Do You Suffer from Scope or Solution Creep?

The term “scope creep” is often used in business and we all know what it is, but do we really? In my experience leading various process improvement activities or new project management initiatives, I have come across at least three different problems that are often grouped together and classified as “scope creep.” I want to discuss a different concept that I call “solution creep” as a way to rethink these distinct problems and give some insight on how your can prevent your solution from creeping.

Scope Creep

I look at scope creep as when you have defined a problem, but have either not defined the parameters of solving it or you have not defined the parameters of the problem itself. Let’s briefly describe how these two are different before jumping into the idea of solution creep.

Solution Parameters

With unlimited time and money, there are infinite ways to solve a problem, so to prevent having a never-ending project, you must define what your solution should and should not include. Carl Sagan once said, “If you wish to make an apple pie from scratch, you must first invent the universe.” Think of solution parameters as a way to prevent your solution including inventing the universe! An inadequate solution scope is bad because people spin their wheels finding the “perfect solution” or they get stuck in “analysis paralysis” evaluating the potential solutions.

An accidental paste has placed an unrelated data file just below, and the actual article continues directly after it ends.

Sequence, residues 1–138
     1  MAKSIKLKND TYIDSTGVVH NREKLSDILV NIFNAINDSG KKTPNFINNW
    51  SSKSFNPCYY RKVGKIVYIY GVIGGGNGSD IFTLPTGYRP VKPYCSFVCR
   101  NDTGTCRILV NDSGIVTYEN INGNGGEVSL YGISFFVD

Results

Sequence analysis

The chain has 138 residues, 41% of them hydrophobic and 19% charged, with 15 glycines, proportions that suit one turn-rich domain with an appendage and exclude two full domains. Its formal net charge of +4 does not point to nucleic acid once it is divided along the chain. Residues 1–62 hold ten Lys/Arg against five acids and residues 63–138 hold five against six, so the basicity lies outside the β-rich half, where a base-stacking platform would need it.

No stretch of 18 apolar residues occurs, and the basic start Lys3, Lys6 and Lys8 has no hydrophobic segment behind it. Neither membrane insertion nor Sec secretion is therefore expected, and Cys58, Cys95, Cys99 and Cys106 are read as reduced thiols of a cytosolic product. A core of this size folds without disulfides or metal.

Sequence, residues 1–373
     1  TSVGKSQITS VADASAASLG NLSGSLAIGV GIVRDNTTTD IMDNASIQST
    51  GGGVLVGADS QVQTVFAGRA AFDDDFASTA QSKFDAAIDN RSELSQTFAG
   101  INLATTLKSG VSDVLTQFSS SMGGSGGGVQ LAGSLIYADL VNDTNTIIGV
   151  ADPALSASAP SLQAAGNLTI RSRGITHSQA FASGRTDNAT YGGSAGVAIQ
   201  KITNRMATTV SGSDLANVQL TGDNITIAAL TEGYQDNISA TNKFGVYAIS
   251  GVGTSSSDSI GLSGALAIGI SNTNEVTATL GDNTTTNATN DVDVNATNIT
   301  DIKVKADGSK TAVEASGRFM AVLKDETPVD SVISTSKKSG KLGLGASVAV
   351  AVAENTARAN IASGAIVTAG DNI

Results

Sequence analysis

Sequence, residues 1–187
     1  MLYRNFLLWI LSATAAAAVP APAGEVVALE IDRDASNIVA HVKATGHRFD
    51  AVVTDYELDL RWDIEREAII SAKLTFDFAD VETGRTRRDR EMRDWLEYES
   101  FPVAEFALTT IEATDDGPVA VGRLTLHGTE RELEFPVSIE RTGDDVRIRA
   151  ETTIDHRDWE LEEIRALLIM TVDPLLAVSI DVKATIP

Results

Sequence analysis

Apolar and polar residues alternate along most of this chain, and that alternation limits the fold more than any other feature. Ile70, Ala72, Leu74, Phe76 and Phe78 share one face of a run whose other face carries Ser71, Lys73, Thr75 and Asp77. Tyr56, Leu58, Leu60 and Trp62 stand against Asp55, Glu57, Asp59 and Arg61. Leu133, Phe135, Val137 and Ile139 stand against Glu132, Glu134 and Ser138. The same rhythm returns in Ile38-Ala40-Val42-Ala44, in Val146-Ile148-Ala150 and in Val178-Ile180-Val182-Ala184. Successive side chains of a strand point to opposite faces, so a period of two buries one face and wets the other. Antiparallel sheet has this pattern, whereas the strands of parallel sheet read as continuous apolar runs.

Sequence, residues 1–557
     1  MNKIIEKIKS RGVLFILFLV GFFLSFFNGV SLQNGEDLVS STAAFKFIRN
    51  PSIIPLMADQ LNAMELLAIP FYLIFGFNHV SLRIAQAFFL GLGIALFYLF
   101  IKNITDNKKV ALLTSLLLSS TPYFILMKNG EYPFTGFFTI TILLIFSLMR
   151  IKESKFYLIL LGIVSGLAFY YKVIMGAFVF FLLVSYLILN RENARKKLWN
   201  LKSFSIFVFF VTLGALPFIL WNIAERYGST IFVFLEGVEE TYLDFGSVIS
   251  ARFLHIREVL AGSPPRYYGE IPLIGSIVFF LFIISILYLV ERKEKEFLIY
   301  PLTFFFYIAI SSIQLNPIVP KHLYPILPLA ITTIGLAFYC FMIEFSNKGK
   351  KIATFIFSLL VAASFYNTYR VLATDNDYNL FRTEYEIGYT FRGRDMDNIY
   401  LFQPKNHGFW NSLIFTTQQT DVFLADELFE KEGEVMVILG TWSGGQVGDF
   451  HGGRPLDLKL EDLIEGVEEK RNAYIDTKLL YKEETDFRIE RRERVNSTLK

Related: How Understanding “People, Process, and Technology” can Help Solve Problems

Problem Parameters

Problem parameters, on the other hand, do not really matter how the solution is scoped. You can have problem parameters with small or large solution parameters. What a problem parameter does is keeps more than one problem from being solved as part of the selected solution. I like to think of an example of a new piece of legislation being developed. One legislator has a problem they want to solve so they write-up a bill. In order to get more people to back their bill, they include some other items to solve other law makers’ problems so they will vote for it. So the scope of solving the original problem has not changed, it’s just the “solution” (the final bill or law) solves multiple problems now. This is not always bad, but sometimes it delays solving the original problem because you are trying to solve too many problems at once.

Solution Creep

Now let’s talk about the third thing that I see during projects: solution creep. Solution creep occurs when you have an inadequately defined problem so your solution ends up solving a different problem then originally planned. Yes, you are solving a problem, but not the intended problem. So why is this a problem? At least you are solving problems, right? Well, not really. If the problem you ended up solving doesn’t move the business forward the same amount that would have if you solved the original problem, then you may have just wasted a lot of time and energy. This time and energy could have been used to solve another problem that might have been more important to the business than the one that ended up getting solved after “solution creeping.”